In a semi-confinement system the pregnant sows can be pastured, with adequate grazing, during the summer months, and can be self-fed in dry lots during the winter until shortly before farrowing. Winter housing can be provided in sheds or small houses (figures 14 and 15).

A total confinement system requires a large investment in buildings and equipment. To use this equipment properly, the hog program must be so organized that the facilities are in use year the round.

Developing a large feeder pig production unit, or a growing and finishing unit, requires expensive confinement facilities for either one or both operations. It is feasible to start with one operation, perhaps feeder pig production, and later branch into the other if a total production unit is decided upon.

With this decision, start planning the type of confinement or semi-confinement facilities you want.

Never start construction of facilities on the basis of recommendations by individuals or publications. Locate several successful producers with the type of plant you have in mind. Visit them. Find out what their problems are, and what changes they would make, if any, in their present operations. Try to visit no less than six or more successful swine enterprises of the type you are interested in. The time will be well spent, for it will be the cheapest of education's and will eliminate many pitfalls. Talk with the man in charge at each operation. Ask about the good and bad points of each enterprise. Then decide what your own facilities should be.

Some of the most successful hog raisers have remodeled existing buildings with real success. In remodeling or in new construction, arrange the space and put in the facilities you believe best suited to your own planned operation, based on your inspection tour. Hog production facilities over the main swine producing areas are of many types. Some work; others don't. This only emphasizes the need for starting with what "grass roots" operators have found best.

Confinement houses may be used for farrowing, for feeder pigs, and for growing and finishing hogs for market. Slats in such a floor should be cement or metal. Solid concrete floors should be constructed so they can be heated on the high end. Heat elements should be installed so they can be controlled separately for each pen.

The manure may fall through the slats into a pit below the barn and drained into a lagoon back of the barn, or pumped out and spread on the fields. Long narrow finishing pens encourage superior dunging habits by pigs as compared with square or nearly square pens. Slats should run the long dimension of the pen. Pigs prefer to walk on slats running the same direction they are moving, so this arrangement results both in more dunging on the slatted area and less foot injury to the pigs. Since reinforced concrete slats appear the most durable, they should be given preference for growing-finishing buildings. However protected steel slats are easier to handle, install, and replace than concrete and may be more satisfactorily used in farrowing buildings. Have complete plans drafted for the entire enterprise before you start construction.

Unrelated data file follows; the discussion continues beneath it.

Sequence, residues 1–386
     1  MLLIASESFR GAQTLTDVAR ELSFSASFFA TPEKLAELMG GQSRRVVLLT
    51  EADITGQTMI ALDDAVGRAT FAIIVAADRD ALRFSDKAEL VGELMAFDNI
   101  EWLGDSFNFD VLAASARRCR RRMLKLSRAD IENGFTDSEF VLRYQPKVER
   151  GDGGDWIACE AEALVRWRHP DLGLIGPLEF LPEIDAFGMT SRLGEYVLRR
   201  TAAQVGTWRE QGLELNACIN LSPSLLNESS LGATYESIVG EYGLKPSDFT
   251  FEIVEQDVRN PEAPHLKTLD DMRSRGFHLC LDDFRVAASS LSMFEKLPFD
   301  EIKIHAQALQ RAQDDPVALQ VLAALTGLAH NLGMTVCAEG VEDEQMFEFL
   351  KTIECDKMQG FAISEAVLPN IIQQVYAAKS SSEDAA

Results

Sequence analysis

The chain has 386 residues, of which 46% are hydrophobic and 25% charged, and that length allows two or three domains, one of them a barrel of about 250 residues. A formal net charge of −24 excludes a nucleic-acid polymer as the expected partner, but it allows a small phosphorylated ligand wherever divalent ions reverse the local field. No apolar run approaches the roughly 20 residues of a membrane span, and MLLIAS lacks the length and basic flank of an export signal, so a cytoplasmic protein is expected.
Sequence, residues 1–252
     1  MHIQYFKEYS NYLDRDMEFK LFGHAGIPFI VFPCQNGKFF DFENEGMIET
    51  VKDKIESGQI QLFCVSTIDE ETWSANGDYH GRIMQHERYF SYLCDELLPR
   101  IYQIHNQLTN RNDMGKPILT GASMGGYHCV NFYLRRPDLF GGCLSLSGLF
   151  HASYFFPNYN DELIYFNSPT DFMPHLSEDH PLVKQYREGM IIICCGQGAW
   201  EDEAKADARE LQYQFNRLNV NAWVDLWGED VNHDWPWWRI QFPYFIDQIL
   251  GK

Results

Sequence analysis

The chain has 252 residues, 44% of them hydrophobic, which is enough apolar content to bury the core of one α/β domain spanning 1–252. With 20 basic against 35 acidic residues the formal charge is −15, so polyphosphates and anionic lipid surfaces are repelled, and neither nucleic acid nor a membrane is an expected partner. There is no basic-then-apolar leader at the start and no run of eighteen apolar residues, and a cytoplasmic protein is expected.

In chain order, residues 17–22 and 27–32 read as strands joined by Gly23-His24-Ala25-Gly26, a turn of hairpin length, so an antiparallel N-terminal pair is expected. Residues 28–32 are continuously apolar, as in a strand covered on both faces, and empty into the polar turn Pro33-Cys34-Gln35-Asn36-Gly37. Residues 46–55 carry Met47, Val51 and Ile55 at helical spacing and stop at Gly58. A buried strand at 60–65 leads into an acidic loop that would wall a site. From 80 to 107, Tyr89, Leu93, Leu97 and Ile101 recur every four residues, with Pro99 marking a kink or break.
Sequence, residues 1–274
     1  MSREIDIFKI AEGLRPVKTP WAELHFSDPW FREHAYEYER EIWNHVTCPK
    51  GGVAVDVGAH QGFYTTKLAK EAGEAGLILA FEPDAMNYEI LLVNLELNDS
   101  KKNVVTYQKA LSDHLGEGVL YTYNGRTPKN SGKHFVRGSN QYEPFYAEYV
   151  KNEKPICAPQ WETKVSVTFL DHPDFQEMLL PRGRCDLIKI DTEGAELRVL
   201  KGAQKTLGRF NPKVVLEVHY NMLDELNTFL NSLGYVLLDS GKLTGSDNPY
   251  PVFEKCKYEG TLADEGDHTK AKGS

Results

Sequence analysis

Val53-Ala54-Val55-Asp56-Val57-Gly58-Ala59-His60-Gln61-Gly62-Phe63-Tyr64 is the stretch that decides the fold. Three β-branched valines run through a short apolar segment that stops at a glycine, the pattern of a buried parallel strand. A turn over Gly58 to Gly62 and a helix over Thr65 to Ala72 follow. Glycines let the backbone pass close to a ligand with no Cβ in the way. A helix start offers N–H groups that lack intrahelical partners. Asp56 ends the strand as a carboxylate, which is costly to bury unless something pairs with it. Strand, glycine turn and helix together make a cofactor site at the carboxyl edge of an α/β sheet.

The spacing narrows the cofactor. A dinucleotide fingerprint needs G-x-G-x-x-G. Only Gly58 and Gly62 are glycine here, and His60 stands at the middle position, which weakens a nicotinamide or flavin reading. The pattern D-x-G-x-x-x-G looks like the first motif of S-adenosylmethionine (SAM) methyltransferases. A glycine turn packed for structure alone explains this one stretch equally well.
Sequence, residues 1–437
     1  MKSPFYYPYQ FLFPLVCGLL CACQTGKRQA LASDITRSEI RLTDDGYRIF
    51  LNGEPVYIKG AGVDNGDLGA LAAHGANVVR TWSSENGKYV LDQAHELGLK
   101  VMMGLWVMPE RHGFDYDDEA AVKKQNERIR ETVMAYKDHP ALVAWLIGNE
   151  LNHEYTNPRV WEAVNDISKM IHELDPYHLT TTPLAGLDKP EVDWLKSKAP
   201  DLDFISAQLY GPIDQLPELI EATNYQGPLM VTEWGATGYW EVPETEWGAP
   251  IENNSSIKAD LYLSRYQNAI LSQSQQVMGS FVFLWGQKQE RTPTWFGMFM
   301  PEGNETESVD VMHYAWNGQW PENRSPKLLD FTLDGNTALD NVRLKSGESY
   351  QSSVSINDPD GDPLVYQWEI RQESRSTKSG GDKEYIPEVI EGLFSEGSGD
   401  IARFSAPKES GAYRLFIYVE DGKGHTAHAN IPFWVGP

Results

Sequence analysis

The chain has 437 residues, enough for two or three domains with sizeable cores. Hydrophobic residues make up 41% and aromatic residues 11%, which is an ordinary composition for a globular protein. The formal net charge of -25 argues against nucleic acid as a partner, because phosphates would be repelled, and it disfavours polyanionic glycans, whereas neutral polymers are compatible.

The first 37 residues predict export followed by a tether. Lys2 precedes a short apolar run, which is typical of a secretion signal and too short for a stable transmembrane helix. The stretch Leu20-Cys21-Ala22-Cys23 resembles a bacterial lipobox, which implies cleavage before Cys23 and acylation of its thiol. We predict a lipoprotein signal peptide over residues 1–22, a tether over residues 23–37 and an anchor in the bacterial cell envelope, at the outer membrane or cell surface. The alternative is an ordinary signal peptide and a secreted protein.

Try to hold down expense, keeping new and untried features to a minimum. You will be less likely to want to change the building after the operation is under way.

A confinement finishing unit should handle at least 500 head or more at one time. To operate economically it must be filled to capacity at all times. Finished hogs should be marketed, and replacement feeder pigs added as near the same time as possible. Outline a plan for a source of feeder pigs, either purchased or raised on the same unit, to be available, disease free, when needed. A smaller unit than this may not pay for both liquidating the initial cost of facilities and provide a net income. If the owner of a finishing unit is furnishing his own feeder pigs, he must have a farrowing setup that will farrow out and raise 35- to 50-pound replacement feeder pigs to be ready at he proper time. This may require sows farrowing each month, with perhaps up to 10 percent more bred than is believed needed to allow for shy breeders, etc., and ensure enough feeders of the right weight at the proper time.

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Fig. 14. Hog houses used at the
Dickinson Experiment Station

 

 

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Fig. 15. Hog houses set up in a unit to accommodate several sows and their litters.